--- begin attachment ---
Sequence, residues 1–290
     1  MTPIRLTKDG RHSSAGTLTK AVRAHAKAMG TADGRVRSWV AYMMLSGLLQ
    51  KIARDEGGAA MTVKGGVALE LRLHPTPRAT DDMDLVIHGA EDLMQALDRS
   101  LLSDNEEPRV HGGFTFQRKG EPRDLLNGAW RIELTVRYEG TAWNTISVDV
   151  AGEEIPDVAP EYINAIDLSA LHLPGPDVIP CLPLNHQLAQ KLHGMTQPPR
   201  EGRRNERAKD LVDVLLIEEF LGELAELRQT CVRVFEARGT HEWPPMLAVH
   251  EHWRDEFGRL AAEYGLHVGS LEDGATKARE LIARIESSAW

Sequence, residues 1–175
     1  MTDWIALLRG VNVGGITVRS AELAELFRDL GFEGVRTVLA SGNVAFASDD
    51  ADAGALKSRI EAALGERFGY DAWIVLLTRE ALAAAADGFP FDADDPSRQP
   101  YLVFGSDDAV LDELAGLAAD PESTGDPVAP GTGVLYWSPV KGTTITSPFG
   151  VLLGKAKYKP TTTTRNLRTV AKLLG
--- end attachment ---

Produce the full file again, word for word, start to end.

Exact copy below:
Sequence, residues 1–290
     1  MTPIRLTKDG RHSSAGTLTK AVRAHAKAMG TADGRVRSWV AYMMLSGLLQ
    51  KIARDEGGAA MTVKGGVALE LRLHPTPRAT DDMDLVIHGA EDLMQALDRS
   101  LLSDNEEPRV HGGFTFQRKG EPRDLLNGAW RIELTVRYEG TAWNTISVDV
   151  AGEEIPDVAP EYINAIDLSA LHLPGPDVIP CLPLNHQLAQ KLHGMTQPPR
   201  EGRRNERAKD LVDVLLIEEF LGELAELRQT CVRVFEARGT HEWPPMLAVH
   251  EHWRDEFGRL AAEYGLHVGS LEDGATKARE LIARIESSAW

Sequence, residues 1–175
     1  MTDWIALLRG VNVGGITVRS AELAELFRDL GFEGVRTVLA SGNVAFASDD
    51  ADAGALKSRI EAALGERFGY DAWIVLLTRE ALAAAADGFP FDADDPSRQP
   101  YLVFGSDDAV LDELAGLAAD PESTGDPVAP GTGVLYWSPV KGTTITSPFG
   151  VLLGKAKYKP TTTTRNLRTV AKLLG